OC Undersheriff Appointed Interim LA County Sheriff As Baca Prepares To Retire
LOS ANGELES (CBSLA.com) — Orange County Undersheriff John Scott has been appointed the interim sheriff for LA County as Sheriff Lee Baca prepares to retire this week.
The LA County Board of Supervisors made a 4-1 decision Tuesday in favor of Scott after holding several closed-door meetings, according to Chairman Don Knabe.
Scott, who has 36 years of law enforcement experience, retired from the LA County Sheriff’s Department as the division chief of custody operations and joined the OC sheriff’s force, according to LA County spokesperson David Sommers.
“What do you think will be biggest challenge going in? What are you expecting?” CBS2/KCAL9 reporter Randy Paige asked Scott Tuesday.
Scott replied, “There are are operational challenges that have been identified by both the Department of Justice and the Blue Ribbon committee. There’s also at least five to seven candidates running, so you’re going to have some split in terms of division within the ranks. So, that’s going to be my first challenge, and that’s to get everyone moving in the same direction.”
The news comes days before Baca is set to retire on Friday, Knabe said.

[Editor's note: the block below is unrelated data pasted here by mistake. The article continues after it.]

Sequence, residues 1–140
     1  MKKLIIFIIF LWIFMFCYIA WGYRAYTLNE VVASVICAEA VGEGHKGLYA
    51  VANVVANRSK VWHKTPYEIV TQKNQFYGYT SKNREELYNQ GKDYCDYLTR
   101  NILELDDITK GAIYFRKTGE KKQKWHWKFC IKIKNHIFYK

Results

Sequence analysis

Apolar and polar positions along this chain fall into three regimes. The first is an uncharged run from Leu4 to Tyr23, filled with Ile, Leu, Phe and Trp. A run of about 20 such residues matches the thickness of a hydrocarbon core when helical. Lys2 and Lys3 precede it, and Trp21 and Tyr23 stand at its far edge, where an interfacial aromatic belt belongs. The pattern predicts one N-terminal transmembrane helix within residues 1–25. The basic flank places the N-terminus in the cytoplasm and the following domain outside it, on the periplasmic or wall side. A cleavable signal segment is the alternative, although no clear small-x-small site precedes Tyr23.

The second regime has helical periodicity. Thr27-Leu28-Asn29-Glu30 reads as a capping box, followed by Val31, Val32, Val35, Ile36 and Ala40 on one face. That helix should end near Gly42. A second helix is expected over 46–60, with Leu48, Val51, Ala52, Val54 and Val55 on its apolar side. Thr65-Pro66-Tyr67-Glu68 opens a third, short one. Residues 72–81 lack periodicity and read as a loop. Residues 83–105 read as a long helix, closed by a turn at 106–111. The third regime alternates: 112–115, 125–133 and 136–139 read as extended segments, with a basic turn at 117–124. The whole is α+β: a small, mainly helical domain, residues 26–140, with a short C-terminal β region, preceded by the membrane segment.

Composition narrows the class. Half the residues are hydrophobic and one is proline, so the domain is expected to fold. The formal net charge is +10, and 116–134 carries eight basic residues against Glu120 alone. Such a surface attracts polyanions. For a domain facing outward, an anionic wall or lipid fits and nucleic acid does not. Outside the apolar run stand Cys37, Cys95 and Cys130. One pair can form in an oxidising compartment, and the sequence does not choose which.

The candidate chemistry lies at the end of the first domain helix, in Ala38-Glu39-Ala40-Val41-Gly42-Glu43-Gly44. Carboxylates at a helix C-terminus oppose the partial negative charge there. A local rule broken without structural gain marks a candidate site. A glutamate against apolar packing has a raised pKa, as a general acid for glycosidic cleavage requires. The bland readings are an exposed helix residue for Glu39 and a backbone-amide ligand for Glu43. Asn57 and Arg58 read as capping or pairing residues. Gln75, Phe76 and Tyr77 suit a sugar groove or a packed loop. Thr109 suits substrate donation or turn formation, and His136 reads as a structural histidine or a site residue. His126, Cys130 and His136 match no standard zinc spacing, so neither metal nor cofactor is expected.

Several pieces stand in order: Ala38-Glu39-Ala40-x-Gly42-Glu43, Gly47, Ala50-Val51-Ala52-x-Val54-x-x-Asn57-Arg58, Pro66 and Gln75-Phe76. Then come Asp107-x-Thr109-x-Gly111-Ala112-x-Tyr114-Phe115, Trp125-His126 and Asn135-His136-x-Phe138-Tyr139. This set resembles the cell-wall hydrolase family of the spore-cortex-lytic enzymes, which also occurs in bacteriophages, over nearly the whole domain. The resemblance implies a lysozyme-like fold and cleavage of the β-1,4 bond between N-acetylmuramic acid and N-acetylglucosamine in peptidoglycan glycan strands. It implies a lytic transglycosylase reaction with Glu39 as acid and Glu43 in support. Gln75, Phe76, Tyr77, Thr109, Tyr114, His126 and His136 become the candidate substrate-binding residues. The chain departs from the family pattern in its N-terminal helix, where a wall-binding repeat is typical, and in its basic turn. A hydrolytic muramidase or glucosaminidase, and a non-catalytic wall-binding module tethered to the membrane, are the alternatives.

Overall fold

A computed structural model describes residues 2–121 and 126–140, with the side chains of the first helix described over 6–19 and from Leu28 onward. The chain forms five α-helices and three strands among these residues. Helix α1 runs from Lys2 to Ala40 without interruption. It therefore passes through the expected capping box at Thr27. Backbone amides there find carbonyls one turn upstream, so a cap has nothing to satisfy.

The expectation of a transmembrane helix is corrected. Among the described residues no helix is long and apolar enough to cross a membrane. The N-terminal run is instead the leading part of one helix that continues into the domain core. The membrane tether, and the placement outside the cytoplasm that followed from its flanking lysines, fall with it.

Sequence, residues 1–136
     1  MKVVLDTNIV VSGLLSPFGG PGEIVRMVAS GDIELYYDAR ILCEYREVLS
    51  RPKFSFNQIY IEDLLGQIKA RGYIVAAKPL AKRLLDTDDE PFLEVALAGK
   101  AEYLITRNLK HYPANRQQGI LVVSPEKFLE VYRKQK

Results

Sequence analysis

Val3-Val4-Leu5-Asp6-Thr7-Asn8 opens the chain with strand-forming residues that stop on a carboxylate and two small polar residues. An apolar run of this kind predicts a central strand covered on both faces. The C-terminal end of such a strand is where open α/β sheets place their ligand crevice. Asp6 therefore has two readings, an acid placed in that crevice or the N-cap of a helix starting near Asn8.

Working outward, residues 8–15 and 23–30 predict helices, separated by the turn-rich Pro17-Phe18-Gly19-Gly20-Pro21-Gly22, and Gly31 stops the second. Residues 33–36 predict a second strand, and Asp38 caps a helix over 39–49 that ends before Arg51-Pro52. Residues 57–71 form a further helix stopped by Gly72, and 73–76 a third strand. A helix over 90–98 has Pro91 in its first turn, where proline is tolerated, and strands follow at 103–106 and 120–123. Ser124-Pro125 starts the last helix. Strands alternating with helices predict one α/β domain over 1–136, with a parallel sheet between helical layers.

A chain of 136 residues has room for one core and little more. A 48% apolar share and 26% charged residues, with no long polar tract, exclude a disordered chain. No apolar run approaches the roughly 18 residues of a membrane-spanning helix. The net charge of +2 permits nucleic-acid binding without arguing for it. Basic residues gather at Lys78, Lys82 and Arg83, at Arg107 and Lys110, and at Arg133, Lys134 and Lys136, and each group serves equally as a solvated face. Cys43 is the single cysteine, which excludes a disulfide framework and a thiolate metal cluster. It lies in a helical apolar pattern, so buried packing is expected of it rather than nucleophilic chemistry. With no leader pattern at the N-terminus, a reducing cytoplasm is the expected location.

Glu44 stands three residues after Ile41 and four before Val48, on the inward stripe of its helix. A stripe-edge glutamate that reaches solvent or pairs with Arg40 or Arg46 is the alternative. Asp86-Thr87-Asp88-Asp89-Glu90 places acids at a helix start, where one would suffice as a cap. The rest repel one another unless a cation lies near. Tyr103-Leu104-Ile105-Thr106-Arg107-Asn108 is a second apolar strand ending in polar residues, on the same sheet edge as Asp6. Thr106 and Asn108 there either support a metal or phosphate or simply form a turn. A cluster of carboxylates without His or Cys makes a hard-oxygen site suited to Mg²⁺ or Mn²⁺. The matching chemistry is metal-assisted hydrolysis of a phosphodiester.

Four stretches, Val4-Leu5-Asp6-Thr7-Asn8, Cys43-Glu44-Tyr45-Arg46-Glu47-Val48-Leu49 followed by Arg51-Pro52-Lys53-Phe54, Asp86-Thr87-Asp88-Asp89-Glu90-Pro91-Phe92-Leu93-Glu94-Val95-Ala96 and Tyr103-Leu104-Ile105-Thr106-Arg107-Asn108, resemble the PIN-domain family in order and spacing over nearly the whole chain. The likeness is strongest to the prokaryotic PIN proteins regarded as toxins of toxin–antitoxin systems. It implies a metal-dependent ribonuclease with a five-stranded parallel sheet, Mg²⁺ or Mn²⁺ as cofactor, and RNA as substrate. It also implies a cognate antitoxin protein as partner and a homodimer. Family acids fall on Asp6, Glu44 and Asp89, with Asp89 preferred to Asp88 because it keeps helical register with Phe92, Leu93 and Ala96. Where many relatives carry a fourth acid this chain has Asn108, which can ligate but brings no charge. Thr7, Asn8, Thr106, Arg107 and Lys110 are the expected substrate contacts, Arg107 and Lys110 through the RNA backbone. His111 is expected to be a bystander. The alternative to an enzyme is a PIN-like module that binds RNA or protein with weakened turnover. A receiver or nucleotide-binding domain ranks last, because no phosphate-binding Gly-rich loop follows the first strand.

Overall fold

Baca, who was elected to his post in 1998 and re-elected to a fourth term in 2010, announced earlier this month about his departure.
“I am not going to seek re-election as Sheriff and I will retire at the end of this month,” he said. “I’ll turn 72 years old in May and I don’t see myself as part of the future, but as part of the past.”
In the wake of several alleged scandals that prompted arrests within the department, Baca, who served 48 years in law enforcement, threw his support behind the creation of a civilian commission to oversee the department.
“I think an oversight commission is important,” Baca said. “We’re in the 21st century, and we want transparency; we want to be able to have the public’s trust.”
The most recent of those scandals involves the federal indictment of 18 former and current deputies in December for alleged crimes, including conspiracy to obstruct justice and assaulting inmates.
Assistant Sheriff Terri McDonald took over management of the county jails last year in response to demands for reform from the Citizens’ Commission on Jail Violence. Baca suggested that she would make the best choice for interim sheriff, but McDonald did not meet the state qualifications for the job.
Voters will elect a new sheriff either in a June primary or November run-off election.
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